Study: Teen drivers
are safer when parents improve teaching skills
As the parent of a 16-year-old with a learner’s permit, I was interested to learn the results of a study that found parents who use certain online educational tools can improve the driving skills of their teenage children.
The clinical trial, published last Monday in JAMA Pediatrics, found that teens whose parents were randomly assigned instructional tools for about six months — such as watching two-minute videos on how to teach specific driving skills like three-point turns — were 65 percent less likely to fail a rigorous on-road driving assessment compared with teens in a control group whose parents didn’t get such instruction.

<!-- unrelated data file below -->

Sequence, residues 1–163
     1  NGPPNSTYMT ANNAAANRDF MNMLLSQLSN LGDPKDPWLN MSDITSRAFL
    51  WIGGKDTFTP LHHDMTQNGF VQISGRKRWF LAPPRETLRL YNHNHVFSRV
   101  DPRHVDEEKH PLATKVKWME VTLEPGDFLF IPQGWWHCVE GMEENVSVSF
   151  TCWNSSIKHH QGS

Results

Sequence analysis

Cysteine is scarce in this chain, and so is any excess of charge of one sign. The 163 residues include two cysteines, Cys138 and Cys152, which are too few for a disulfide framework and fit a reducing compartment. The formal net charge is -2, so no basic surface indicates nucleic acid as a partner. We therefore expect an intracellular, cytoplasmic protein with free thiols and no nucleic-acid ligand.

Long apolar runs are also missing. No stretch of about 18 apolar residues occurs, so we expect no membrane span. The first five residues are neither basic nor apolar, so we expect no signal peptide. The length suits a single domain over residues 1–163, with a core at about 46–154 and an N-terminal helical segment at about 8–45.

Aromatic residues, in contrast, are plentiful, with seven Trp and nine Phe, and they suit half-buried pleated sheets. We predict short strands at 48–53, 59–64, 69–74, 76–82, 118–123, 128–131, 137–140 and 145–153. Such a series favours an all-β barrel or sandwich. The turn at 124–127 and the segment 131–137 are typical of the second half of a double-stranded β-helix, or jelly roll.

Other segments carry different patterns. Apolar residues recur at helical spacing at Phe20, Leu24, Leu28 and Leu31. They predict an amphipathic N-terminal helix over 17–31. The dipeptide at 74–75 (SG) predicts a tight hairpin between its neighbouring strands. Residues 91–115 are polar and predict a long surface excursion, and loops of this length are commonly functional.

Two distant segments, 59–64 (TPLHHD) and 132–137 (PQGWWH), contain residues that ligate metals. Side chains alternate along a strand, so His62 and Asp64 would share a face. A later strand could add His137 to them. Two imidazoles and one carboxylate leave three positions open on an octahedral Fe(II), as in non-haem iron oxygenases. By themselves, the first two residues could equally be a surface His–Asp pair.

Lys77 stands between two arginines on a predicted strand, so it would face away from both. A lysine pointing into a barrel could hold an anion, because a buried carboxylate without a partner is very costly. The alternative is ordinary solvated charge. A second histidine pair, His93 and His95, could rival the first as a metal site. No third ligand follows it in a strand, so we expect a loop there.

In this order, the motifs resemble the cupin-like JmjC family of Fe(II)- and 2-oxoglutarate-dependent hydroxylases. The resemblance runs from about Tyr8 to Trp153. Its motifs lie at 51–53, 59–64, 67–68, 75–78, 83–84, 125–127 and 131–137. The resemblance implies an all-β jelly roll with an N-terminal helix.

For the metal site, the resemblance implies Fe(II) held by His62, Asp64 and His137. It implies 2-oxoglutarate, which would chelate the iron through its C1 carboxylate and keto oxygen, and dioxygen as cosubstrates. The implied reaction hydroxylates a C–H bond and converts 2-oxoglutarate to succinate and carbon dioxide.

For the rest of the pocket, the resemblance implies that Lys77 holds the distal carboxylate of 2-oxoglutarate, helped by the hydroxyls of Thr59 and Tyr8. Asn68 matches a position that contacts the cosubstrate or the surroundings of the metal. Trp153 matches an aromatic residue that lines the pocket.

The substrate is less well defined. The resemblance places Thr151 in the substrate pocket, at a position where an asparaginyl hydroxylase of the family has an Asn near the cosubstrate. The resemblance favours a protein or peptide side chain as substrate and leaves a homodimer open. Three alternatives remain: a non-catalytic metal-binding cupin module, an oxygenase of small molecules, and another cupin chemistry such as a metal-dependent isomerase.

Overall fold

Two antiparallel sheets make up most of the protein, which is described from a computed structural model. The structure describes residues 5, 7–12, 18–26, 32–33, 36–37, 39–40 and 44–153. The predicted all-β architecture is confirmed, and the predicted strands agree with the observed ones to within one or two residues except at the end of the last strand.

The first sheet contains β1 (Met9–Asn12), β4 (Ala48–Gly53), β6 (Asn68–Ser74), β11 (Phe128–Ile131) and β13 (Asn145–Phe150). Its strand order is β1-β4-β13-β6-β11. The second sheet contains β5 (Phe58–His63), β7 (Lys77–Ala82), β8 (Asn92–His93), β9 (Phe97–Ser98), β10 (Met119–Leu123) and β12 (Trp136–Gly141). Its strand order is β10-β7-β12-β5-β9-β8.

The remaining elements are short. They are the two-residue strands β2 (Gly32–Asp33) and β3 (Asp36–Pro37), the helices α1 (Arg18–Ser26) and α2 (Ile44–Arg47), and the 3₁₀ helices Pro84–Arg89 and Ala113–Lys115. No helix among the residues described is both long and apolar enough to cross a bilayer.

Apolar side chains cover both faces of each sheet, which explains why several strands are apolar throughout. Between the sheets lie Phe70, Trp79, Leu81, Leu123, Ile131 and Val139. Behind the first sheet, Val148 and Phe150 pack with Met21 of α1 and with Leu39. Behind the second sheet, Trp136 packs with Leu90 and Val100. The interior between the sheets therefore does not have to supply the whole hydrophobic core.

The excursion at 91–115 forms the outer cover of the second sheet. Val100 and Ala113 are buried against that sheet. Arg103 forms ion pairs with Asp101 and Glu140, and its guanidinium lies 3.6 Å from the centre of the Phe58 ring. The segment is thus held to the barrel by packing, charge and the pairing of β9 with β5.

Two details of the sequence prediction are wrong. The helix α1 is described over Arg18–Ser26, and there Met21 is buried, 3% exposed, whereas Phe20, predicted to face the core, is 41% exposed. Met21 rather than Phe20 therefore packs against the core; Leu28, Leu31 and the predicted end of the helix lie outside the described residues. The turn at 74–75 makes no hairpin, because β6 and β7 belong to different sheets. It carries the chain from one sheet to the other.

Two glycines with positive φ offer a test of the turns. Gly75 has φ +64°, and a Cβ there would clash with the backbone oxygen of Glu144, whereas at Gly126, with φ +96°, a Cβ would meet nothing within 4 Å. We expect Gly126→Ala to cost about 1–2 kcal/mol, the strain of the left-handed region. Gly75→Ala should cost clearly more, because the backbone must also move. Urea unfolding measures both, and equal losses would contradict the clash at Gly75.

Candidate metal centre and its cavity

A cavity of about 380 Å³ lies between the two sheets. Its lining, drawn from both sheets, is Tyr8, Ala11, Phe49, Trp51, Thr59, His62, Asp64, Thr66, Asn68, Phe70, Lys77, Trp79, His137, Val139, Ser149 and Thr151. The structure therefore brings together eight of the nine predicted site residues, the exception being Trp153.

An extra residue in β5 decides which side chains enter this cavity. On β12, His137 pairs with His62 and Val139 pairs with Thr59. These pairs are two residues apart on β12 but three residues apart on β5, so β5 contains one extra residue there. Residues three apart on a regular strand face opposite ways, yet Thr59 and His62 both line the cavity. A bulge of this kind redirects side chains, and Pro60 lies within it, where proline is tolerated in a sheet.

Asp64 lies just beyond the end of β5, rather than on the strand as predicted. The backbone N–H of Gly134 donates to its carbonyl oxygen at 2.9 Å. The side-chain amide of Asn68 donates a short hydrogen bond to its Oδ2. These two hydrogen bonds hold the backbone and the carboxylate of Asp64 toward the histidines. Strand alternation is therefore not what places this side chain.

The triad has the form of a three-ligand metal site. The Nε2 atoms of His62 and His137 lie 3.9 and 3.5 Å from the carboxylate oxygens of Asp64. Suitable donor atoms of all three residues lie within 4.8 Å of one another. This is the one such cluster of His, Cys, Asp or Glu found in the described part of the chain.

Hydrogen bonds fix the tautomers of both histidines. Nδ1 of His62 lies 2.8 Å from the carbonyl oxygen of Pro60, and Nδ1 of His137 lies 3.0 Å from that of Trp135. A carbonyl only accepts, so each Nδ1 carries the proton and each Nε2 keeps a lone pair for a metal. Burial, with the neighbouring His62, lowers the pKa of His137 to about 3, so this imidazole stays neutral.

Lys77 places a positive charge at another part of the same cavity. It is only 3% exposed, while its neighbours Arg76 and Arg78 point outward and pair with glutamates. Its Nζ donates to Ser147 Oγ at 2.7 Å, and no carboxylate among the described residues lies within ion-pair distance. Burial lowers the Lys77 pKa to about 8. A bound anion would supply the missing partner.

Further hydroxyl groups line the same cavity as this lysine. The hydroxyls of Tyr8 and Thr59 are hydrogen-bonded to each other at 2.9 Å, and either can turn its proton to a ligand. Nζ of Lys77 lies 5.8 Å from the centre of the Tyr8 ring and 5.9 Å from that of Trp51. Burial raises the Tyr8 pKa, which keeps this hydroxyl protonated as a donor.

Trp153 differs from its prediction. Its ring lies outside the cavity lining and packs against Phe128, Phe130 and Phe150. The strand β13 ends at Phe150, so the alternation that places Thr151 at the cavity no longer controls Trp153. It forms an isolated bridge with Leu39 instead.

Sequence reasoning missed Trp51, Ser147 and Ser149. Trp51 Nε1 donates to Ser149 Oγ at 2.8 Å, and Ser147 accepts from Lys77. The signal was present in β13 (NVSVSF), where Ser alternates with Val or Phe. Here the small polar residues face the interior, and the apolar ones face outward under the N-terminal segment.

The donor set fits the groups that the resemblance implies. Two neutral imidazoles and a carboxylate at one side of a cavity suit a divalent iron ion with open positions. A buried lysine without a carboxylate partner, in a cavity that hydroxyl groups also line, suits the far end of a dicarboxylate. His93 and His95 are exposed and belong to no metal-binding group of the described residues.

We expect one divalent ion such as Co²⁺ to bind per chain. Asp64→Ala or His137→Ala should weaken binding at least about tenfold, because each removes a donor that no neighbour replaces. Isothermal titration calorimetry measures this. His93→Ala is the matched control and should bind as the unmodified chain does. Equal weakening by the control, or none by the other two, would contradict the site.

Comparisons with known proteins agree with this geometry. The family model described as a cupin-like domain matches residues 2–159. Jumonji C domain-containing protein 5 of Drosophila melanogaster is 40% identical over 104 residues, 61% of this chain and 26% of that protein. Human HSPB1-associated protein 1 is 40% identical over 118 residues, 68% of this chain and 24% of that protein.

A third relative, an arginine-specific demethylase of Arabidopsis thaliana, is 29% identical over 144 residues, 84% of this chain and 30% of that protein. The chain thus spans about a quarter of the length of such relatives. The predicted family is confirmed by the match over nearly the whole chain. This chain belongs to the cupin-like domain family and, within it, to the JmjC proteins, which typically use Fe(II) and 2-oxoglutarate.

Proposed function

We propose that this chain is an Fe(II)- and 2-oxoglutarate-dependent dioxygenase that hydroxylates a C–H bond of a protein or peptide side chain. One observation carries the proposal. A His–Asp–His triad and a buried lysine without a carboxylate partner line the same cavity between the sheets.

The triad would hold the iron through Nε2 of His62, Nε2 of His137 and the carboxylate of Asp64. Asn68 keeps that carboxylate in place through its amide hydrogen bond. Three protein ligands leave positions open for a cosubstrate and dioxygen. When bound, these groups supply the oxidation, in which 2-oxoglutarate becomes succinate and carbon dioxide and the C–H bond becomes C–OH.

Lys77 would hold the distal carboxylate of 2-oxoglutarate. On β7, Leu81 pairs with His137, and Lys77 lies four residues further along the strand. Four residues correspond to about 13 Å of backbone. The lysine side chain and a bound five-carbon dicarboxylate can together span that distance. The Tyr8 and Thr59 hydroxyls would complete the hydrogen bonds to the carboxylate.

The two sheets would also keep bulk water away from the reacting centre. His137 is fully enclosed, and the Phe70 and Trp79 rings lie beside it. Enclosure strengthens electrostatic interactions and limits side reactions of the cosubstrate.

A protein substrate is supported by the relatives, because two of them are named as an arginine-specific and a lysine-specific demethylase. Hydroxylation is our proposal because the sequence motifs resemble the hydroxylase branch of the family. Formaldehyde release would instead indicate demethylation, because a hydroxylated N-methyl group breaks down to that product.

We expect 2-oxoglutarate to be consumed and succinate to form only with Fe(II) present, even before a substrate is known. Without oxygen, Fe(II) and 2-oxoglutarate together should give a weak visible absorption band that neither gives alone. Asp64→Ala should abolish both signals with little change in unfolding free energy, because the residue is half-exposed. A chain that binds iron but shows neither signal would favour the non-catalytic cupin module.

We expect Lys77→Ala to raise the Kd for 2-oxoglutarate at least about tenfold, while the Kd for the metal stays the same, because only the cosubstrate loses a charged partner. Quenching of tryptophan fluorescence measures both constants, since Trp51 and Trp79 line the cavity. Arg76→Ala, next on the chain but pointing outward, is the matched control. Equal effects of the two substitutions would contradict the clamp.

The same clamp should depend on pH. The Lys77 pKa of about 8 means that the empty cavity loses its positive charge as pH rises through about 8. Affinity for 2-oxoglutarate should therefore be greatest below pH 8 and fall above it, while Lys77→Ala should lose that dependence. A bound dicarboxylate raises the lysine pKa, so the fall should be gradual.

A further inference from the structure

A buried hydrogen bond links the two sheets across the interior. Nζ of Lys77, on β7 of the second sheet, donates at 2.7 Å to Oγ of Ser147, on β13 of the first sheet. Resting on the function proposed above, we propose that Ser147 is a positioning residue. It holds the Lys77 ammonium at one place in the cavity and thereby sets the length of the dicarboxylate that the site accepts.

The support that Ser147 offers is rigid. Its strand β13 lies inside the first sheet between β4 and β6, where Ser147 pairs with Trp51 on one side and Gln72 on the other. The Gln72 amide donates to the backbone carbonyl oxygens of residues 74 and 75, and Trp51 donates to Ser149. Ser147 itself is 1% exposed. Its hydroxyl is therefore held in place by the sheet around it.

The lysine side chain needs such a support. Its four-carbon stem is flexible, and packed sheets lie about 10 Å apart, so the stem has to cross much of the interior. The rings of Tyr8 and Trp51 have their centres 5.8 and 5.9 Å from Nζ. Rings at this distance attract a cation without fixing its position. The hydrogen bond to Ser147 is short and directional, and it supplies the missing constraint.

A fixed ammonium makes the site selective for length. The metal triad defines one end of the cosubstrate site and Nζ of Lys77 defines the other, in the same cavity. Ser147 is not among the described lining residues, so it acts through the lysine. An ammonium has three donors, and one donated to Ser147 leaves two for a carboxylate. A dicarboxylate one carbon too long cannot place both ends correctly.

Teens whose parents used the Teen Driving Plan program also were more likely to learn a variety of skills such as how to navigate at night or during a thunderstorm, how to merge onto a highway, and how to parallel park.
“Parents need to think not only about the number of hours their teen spends driving but also about the kinds of experiences that need to happen across those hours,” said study leader Jessica Mirman, a developmental psychologist at the Children’s Hospital of Philadelphia. The study was funded by State Farm Insurance.
In Massachusetts, parents are required to take two hours of driver’s education instruction to learn how to guide their teen, who needs 40 hours of supervised driving before testing for a license.